This in no way means that Archer is opposed to things technical. He maintains a blogs (he plans to write about Narayan there) where he interacts with his fans "I answer almost 150 mails a day. In fact, recently, I have noticed that almost 25 per cent of the visitors are Indian. Though it may be due to my recent trip to India," he adds humbly. When we remind him that he is very popular here, he quips "Yes, my books are sold at traffic lights here and I am worried." Dispelling all qualms the next moment, he says, "It's very flattering. Who does not want to be pirated?"And no, he is not worried about internet taking over the readership of books, especially in India, where the age group of his readers varies from 25 to 30 years. "In England, it is above 50. I think, I am more popular here than in England. The English-speaking population of India is more than the entire population of England." Then, there's also the added incentive, Archer says with a glint in his eyes, "500 young girls turning up at your book reading is certainly inspiring indeed."
What about Indian authors apart from Narayan? We suggest Ruskin Bond, he says Rudyard Kipling. On a serious note, he says he has read many Indian authors, nurturing a soft corner for Vikarm Seth. "I think 'A Suitable Boy' was wonderful."
But popularity has a different equation altogether. "It's not about how you write, but about how well you tell a story. The story of Cain and Able is of two men born on the same day, at different places, who meet only once in life, but their lives are intertwined. This is the story. I told you. Now, go write 500 pages on this for me. You can't, because that's my job."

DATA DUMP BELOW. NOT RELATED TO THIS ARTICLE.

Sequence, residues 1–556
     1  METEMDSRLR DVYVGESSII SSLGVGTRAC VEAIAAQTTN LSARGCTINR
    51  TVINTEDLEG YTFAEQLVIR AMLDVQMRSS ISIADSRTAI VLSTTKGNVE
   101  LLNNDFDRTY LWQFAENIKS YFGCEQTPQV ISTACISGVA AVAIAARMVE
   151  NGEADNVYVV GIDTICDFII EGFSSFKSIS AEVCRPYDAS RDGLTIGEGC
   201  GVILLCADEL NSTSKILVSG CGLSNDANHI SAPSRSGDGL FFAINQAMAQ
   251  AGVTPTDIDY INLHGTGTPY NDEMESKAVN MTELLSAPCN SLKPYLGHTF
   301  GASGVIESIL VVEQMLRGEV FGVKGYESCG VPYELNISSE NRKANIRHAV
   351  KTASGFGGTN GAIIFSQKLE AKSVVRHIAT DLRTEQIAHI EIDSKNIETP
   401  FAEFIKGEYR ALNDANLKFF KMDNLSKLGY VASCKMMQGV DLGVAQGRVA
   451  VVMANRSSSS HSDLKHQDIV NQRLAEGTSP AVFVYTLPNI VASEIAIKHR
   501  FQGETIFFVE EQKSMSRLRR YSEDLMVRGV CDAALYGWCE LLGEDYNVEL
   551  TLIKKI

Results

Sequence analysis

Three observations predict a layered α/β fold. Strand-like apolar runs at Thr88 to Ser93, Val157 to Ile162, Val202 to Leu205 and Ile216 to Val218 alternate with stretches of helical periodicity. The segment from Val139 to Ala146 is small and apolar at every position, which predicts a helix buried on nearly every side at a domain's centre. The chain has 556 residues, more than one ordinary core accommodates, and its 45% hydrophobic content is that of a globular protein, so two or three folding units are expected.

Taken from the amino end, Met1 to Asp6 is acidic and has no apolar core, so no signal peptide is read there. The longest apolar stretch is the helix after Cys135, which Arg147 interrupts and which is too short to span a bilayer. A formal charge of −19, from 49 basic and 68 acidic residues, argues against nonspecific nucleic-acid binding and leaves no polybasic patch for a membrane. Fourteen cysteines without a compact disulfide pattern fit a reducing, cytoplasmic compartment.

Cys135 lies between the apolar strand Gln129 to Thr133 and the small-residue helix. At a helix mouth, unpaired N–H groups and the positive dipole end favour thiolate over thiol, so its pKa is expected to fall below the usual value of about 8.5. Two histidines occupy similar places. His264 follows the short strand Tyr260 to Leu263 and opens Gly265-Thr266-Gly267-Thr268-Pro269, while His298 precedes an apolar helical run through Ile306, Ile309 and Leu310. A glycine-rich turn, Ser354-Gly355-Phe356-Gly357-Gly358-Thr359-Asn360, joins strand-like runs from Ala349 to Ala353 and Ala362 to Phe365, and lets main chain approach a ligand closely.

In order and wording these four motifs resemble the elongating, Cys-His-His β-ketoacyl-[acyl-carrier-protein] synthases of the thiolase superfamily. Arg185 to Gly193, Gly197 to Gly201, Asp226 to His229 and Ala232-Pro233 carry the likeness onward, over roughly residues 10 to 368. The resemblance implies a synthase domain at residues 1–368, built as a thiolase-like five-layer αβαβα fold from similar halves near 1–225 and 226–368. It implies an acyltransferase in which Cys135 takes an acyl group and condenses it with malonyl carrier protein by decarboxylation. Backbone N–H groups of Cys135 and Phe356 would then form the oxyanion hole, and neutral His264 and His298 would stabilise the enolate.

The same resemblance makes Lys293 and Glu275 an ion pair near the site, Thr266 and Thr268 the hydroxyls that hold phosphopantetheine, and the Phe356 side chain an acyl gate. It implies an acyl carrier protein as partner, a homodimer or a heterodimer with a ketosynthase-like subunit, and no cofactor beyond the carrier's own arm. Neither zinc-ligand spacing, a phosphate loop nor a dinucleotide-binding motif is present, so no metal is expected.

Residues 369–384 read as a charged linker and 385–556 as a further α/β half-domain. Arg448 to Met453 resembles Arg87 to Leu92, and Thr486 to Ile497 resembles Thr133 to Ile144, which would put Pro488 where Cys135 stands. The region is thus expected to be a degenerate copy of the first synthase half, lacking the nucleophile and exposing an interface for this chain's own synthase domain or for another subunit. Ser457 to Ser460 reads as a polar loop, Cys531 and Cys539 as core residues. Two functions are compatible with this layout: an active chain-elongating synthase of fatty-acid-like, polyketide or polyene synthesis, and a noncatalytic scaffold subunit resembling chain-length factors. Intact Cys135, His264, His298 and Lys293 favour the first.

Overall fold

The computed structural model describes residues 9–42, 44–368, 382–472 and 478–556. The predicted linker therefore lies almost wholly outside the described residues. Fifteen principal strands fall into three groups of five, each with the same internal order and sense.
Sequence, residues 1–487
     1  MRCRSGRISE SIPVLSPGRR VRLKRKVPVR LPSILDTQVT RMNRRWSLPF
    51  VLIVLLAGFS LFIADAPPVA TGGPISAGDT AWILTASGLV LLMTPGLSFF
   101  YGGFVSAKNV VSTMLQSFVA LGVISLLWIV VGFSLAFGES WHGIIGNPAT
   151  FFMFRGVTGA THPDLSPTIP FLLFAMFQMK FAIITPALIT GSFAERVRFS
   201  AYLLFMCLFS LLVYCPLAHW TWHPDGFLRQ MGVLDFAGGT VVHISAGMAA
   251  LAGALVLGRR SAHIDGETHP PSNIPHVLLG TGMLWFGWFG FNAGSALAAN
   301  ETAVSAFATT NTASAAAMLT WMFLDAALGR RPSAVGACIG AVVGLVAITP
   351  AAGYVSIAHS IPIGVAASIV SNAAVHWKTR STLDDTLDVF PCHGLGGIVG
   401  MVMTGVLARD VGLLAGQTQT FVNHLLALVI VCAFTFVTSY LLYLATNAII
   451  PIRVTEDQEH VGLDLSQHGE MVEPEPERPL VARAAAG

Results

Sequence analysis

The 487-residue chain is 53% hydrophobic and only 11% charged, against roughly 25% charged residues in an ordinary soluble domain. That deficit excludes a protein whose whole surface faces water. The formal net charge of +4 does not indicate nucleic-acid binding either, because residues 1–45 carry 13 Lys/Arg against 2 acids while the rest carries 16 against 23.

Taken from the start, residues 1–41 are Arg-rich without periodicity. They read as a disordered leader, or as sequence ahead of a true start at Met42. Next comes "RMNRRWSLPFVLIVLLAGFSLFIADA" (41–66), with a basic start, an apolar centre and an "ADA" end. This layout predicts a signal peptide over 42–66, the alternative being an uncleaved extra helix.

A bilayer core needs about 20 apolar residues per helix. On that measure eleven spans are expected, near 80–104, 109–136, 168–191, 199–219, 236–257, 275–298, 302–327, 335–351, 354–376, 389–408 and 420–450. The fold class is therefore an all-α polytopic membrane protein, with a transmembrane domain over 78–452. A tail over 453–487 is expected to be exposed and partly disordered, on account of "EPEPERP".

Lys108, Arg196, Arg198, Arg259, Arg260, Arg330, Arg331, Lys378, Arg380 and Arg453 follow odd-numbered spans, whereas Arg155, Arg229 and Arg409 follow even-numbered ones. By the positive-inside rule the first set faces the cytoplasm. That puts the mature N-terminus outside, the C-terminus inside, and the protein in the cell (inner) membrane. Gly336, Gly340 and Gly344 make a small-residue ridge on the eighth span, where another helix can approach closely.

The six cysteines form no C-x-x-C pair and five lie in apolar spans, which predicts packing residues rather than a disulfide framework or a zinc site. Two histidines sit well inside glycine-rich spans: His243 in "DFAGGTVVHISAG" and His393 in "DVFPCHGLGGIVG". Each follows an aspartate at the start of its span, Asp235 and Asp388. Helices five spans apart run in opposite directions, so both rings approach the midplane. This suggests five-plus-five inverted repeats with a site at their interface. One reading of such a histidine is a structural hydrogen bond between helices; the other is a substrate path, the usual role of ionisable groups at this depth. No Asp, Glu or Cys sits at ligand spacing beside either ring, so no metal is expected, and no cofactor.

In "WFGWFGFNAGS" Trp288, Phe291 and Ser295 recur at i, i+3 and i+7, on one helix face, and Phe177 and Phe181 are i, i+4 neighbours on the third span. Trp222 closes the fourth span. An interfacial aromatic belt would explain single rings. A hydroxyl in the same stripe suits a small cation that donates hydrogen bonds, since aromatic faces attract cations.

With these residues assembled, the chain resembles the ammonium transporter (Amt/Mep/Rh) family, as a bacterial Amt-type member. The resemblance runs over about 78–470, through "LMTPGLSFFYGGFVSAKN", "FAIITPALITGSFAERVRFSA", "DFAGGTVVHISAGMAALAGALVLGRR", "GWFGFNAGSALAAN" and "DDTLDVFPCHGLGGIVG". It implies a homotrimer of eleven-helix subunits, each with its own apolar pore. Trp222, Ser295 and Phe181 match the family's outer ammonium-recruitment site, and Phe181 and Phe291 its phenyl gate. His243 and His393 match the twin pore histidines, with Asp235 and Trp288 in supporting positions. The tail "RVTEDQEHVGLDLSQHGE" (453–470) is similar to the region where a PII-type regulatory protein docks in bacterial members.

He mentions meeting a young boy in Delhi, who wanted to know how to write a book, wanting to author some himself. Archer says belligerently, "You cannot steal ideas, as creativity is about individual craftsmanship. For instance, after the first draft of a novel is complete and I were to die, you would get the book, but not the story."
After a novel is over, do the characters get in way? "No. 'A Prisoner of Birth' would be dead after the Indian tour is over. I will move on to my next work. You have to move beyond set peripheries. You cannot write one bulky thriller after another. It's not motivating enough. May be, I will indulge in short stories again." About time for some more short stories, we agree.
While on the subject of writing, Archer does not believe in dwelling in the past. "I always draw inspiration from my present. You meet a lot of people in your life, from prime ministers to doormen. But you never know who is going to inspire you next."
The plot structure of Jeffrey Archer's latest novel carries an uncanny resemblance to Alexander Dumas' 'The Count of Monte Cristo'. We ask him about Dumas. "It took them 200 years to give him a statues. Why? Because he was a great storyteller." And inci-dentally, 'The Count...' is one of his five Favourite books. The other four are:
'Of Mice and Men' by John Steinbeck, 'Collected short stories of H.H. Munro', 'All Quiet on the Western Front' by Erich Maria Remarque and 'A Tale of Two Cities' by Charles Dickens
A lot has been written about his love for the game. When we ask him about IPL, he roars: "Twenty20 is not cricket. Cricket is a test match between India and England at the Lords where Sehwag is out for zero. Rahul Dravid goes for seven, while Kumble is struck all over the ground " We say, now, are we going to have a fight over it right here? Archer smiles, "I am storyteller after all."